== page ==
Discussion moved to the purposes of the ordinance, the spirit of the ordinance and the intent behind the regulations, in this case the setback requirements in the residential/agricultural zone. Sue Brown asked about the purpose of the regulations and why they exist if they are not enforced, and Mr. Sorenson responded that the goal is to balance the public interest against the property owner’s and to understand what the ZBA attempts to accomplish. Argument over the substantial justice language continued with Mr. Trudelle and Mr. Sorenson maintaining their earlier-stated positions regarding the relevance of the Heath’s lack of prior approval for the variance in consideration of the criterion.
The board returned to the question of whether or not a rehearing should be granted to the Heaths based on whether or not they had properly and thoroughly reviewed the criteria in deciding to deny the variance. Mr. Sorenson explained that, if a rehearing is denied and the applicant were to pursue relief in Superior Court, which the applicant would have 30 days to do, the Court would consider whether or not the law was properly applied by the ZBA and whether or not the decision- making process was flawed in some way.
Mr. Grant then asked Ms. Heath if she believed the final two criteria were addressed. The applicant responded that she wasn’t sure they had been given the board’s decision on the third. The board generally agreed they had given proper weight to the 50 foot setback requirement as a factor in maintaining the spirit of the ordinance. Mr. Grant also stated the board had considered the applicant’s property and whether or not it met the unnecessary hardship criterion, and that the board felt it did not and that the deck could be positioned elsewhere on the 3-acre lot. The board agreed. When the applicant stated she did not feel that issue had been discussed in August, the Chairman responded that the board had, and he referred to the August meeting minutes. The applicant restated she felt this was unfair and that there was no other place the deck could be located. The board stated it was bound by the regulations.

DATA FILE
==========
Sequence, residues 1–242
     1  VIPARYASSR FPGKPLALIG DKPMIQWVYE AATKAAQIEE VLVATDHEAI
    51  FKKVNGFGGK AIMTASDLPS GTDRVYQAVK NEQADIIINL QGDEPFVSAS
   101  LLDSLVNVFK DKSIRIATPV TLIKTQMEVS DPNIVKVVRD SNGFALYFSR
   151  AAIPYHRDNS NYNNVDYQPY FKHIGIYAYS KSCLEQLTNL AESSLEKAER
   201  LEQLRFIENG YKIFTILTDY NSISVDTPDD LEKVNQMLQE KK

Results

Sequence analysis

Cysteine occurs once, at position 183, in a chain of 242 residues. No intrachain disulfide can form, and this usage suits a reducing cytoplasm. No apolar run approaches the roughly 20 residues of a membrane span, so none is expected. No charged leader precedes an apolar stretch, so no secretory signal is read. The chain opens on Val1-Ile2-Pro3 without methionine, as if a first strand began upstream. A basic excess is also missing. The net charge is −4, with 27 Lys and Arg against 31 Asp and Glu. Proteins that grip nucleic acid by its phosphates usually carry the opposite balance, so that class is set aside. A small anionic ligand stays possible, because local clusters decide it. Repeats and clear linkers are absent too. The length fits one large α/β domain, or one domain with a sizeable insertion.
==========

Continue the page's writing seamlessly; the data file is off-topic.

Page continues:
Mr. Sorenson stated that the board, while it had not agreed on the substantial justice criterion, had all agreed that the applicant did not meet the unnecessary hardship requirement because the property was not unique compared to similar properties and it wouldn’t deny the applicant a reasonable use of their property. To grant the appeal for the rehearing, he continued, the board would have to decide that it hadn’t adequately considered the facts.
Mr. Grant stated that it seemed to him that what the board did was right and proper. Mr. Trudelle and Ms. Brown stated they stood by their decisions and that they felt the correct decision was made. The Chairman agreed. The decision to deny the appeal was unanimous.
Meeting adjourned at 8:15 pm.